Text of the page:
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India continues banning socio-religious and political organizations in Kashmir

On 29th February, the Home Ministry of India declared both factions of Muslim Conference, a nonviolent pro-freedom political organization in the Kashmir valley, headed by activists Prof. Abdul Gani Bhat and Ghulam Nabi Sumji respectively, as unlawful associations under the infamous Unlawful Activities (Prevention) Act. 

According to the notification of the Home Ministry, the Muslim Conference has been indulging in “unlawful activities”, which are prejudicial to the “integrity, sovereignty and security of India”. The notification further stated that the members of the organization were involved “in generating feelings of hatred and disaffection against India to separate Jammu and Kashmir from India”.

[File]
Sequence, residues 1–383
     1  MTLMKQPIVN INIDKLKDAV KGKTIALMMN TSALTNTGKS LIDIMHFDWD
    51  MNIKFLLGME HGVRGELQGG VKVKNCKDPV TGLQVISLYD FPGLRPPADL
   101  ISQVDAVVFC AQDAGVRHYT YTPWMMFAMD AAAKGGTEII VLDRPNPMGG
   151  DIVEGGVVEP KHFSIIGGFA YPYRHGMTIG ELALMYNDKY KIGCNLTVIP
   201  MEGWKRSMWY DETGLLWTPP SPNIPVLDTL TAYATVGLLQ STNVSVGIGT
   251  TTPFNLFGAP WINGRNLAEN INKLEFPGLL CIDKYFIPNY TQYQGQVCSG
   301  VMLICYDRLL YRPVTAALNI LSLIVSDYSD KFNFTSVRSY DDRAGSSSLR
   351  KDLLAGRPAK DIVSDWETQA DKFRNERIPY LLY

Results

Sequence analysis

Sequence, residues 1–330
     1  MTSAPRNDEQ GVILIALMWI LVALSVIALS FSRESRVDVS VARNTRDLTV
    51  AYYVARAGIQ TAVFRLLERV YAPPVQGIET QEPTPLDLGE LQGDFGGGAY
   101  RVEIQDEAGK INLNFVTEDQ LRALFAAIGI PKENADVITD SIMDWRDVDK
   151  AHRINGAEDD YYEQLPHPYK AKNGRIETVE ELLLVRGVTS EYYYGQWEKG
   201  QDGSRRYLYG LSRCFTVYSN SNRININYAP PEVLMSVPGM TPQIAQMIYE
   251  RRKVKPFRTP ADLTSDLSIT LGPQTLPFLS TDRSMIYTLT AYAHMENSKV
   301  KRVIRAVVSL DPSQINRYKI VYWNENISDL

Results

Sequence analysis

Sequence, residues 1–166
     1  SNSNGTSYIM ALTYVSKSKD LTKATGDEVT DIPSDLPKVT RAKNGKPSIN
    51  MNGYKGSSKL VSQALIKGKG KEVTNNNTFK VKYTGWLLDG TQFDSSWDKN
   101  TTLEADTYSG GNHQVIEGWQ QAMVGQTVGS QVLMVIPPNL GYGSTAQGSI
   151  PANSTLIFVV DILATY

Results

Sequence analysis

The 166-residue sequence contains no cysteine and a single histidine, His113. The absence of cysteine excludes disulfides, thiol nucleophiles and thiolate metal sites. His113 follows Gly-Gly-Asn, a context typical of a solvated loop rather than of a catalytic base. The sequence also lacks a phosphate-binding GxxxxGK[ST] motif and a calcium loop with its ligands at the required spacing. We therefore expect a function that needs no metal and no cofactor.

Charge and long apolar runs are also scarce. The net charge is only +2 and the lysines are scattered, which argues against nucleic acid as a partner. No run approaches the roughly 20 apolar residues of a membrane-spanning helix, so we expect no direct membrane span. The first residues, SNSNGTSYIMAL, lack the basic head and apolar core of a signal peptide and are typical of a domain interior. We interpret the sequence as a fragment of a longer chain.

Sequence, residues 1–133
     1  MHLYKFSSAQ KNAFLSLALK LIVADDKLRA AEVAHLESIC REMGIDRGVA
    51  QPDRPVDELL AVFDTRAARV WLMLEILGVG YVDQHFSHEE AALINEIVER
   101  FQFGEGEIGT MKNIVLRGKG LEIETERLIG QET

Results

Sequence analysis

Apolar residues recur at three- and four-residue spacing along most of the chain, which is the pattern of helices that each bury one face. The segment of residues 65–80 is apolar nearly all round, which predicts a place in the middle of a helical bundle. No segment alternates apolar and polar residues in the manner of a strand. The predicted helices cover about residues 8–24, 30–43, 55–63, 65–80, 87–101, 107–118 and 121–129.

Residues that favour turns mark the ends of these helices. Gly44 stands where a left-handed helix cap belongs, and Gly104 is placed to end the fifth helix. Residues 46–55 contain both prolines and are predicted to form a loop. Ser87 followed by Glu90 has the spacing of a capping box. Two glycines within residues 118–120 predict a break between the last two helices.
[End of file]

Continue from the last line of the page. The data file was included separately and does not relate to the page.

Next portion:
Both the organizations advocate Kashmiri right to self-determination, as sanctioned and promised by the United Nations. They also maintain that Kashmir is not an integral part of India, but instead view it as a disputed territory, as asserted by the multiple United Nations resolutions. 

The banning of such organizations by India has been exponentially and systematically growing. Two days earlier, on 27th February, the government of India announced the extension of ban on socio-religious organizations called Jamaat-e-Islami (JeI) by another five years. This is despite the fact that the JeI focuses largely on welfare and educational activities. Many leaders of the organization are in illegal detention currently for their alleged support for Kashmiri right to self-determination.

Other prominent banned pro-freedom organizations include Jammu and Kashmir Liberation Front, Dukhtaran-e-Millat (an all women’s organization), Jammu and Kashmir Democratic Freedom Party, and Muslim League. After the ban, the Indian state initiates the mass-incarceration of members of these organizations, confiscation of their properties and offices, and intimidation of their sympathizers. 

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